Wednesday, September 25, 2013

The Long Walk to School Part 2

Here is part two of a little memoir I am finishing in my classroom about a childhood adventure with my best old friend Rick Kadar and a neighborhood dog named Buck.  If you want to read part one click here.  

Part Two

Buck was a good dog and I loved that big old thing.  He was smelly and matted and greasy.  Occasionally they would cut the shaggy hair from around his eyes.  It must have been a shock for Buckley to suddenly see the bright sunlight without the filter of that long wiry hair over its eyes. 
Rick and I would walk through the middle of that block, behind those houses, talking of just about everything: how mean the teachers were, how cute certain girls were, what was up with Rick’s beloved Cubs, Blackhawks, Bulls or Bears.  We talked about music and styles.  We shared just about every thought and secret we had.  We were like brothers.

 We would stop at Buckley’s fence, his long pink tongue lolling out of his mouth; spit dripping off of it in long slippery strands.  He liked us coming to his fence every day, at least it seemed that way.  He would wag his stub of a tail and lean into us as we petted him, making satisfied grunting sounds.
It went on like that for quite some time.  Lunchtime, walking home through the backyards, Buckley bounding over to meet us, Rick and me stopping to pet his big old blocky head.  Floppy ears, big wide tongue, dog spit, wiry hair, dirty dog smell, greasy hands, dog breath, and clinking chain-link fence.  One day, it was warm out so it was probably springtime, when we stopped to pet old Buck on the way back to school, he behaved differently.  I remember the sun was shining.  The breeze was cooling the perspiration on my neck. 
When he jumped up to get his daily dose of head rubbing, he had the same enthusiasm that he always had.  We were giving him double petting as usual.  Suddenly his tail stopped wagging.  He became still, stiff. 
“What’s up with Buck?” Rick asked, the sun glinting off his wire rim glasses.

“What do you mean?” I kept petting on Buck but Rick had stopped. 
“His tail stopped.”  Sure enough the lower part of his body was rigid, his shoulders were stiff.  Somehow he didn’t seem… happy.
“C’mon boy.  What’s the matter?  You OK, old buddy?”  I kept petting, trying to prompt his usual friendly response.  Then I heard it.  No, maybe at first I felt it.  It was a rumble, a faint vibration coming from way down low in his throat.  When I looked through the greasy strands of hair into his eyes there was something suspicious there, some unfamiliar look – or was it just a feeling?  Something was definitely not right.  Rick knew first and backed away.  My response was to keep petting, to keep trying to get him back to his normal waggly self.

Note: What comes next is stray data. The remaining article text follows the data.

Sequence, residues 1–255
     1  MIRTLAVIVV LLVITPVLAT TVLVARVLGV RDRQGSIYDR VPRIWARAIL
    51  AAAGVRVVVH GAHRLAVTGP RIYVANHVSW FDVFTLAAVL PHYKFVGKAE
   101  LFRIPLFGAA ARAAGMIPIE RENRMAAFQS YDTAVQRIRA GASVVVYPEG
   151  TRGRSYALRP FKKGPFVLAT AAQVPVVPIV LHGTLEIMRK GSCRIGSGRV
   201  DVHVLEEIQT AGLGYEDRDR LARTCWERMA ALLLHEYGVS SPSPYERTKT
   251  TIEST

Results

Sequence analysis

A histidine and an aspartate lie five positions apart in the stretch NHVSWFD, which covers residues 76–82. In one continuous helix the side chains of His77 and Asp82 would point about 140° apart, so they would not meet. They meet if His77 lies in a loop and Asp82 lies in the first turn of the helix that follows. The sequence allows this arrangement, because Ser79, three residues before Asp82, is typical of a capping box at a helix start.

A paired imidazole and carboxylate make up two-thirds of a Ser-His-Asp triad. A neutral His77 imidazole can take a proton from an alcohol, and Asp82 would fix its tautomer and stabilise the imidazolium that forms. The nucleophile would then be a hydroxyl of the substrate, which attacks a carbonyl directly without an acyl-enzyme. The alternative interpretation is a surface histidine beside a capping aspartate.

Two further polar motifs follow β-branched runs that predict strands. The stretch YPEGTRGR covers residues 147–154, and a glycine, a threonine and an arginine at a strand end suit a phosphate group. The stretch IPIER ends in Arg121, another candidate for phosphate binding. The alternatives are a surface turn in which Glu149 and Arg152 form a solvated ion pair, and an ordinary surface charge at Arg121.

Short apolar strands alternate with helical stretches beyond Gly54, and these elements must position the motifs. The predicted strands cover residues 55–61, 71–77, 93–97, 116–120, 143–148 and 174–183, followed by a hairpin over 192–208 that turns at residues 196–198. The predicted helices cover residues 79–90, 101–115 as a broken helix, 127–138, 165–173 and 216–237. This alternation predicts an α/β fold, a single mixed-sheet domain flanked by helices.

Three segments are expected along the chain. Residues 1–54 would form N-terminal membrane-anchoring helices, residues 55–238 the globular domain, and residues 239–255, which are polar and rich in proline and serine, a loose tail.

“You’re OK, boy,” I soothed.  But Buck was definitely not OK.  Something was wrong.  The snarl became a little louder.  He slunk his shoulders down a little lower, closer to the chain-link fence.  His lips pulled up and away from his teeth, his furry muzzle wrinkling, white teeth showing, and his growl louder, more menacing. 
“I’d stop petting him if I were you,” Rick warned.  It was too late.  It happened so quickly that it barely registered.  I certainly didn’t have time to pull my hand back.  Buckley lunged and snapped.  He got my right hand at the base of my thumb.  It didn’t even hurt right away. 
When I pulled back there was a flap of skin, an almost perfect one inch semi-circle, which was pulled away from my hand.  It didn’t bleed right away.  For just a moment I could gaze into the wound.  It seemed like I could look right in on the muscle.
Then it did bleed.  “Oh man,” Rick said in a soft voice, a scared voice, a voice that said, “I’m glad that I’m not you right now.”  Blood oozed from the round cut.  Then it started to pour.  I held up my hand and a crimson liquid line ran down my forearm to my elbow where it dripped and dripped.  He must have torn through a blood vessel, because the blood was pulsing out.
I looked over at Buckley who was still on his hind legs, still hunched up with his head down low. Still snarling quietly, deeply.  I whirled and kicked that fence as hard as I could right where he was standing.  I was scared.  “You idiot!” I screamed.  Then he barked savagely, dog spit flying.  I knew there was something terribly wrong with him.  

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